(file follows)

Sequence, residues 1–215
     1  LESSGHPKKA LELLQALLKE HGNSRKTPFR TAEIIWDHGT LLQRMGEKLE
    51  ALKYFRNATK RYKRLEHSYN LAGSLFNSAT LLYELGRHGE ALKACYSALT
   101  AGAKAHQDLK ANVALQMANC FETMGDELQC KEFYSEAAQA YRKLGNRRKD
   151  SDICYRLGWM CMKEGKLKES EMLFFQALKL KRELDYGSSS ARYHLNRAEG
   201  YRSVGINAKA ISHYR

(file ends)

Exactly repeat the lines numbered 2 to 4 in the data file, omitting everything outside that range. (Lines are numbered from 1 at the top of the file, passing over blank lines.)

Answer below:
     1  LESSGHPKKA LELLQALLKE HGNSRKTPFR TAEIIWDHGT LLQRMGEKLE
    51  ALKYFRNATK RYKRLEHSYN LAGSLFNSAT LLYELGRHGE ALKACYSALT
   101  AGAKAHQDLK ANVALQMANC FETMGDELQC KEFYSEAAQA YRKLGNRRKD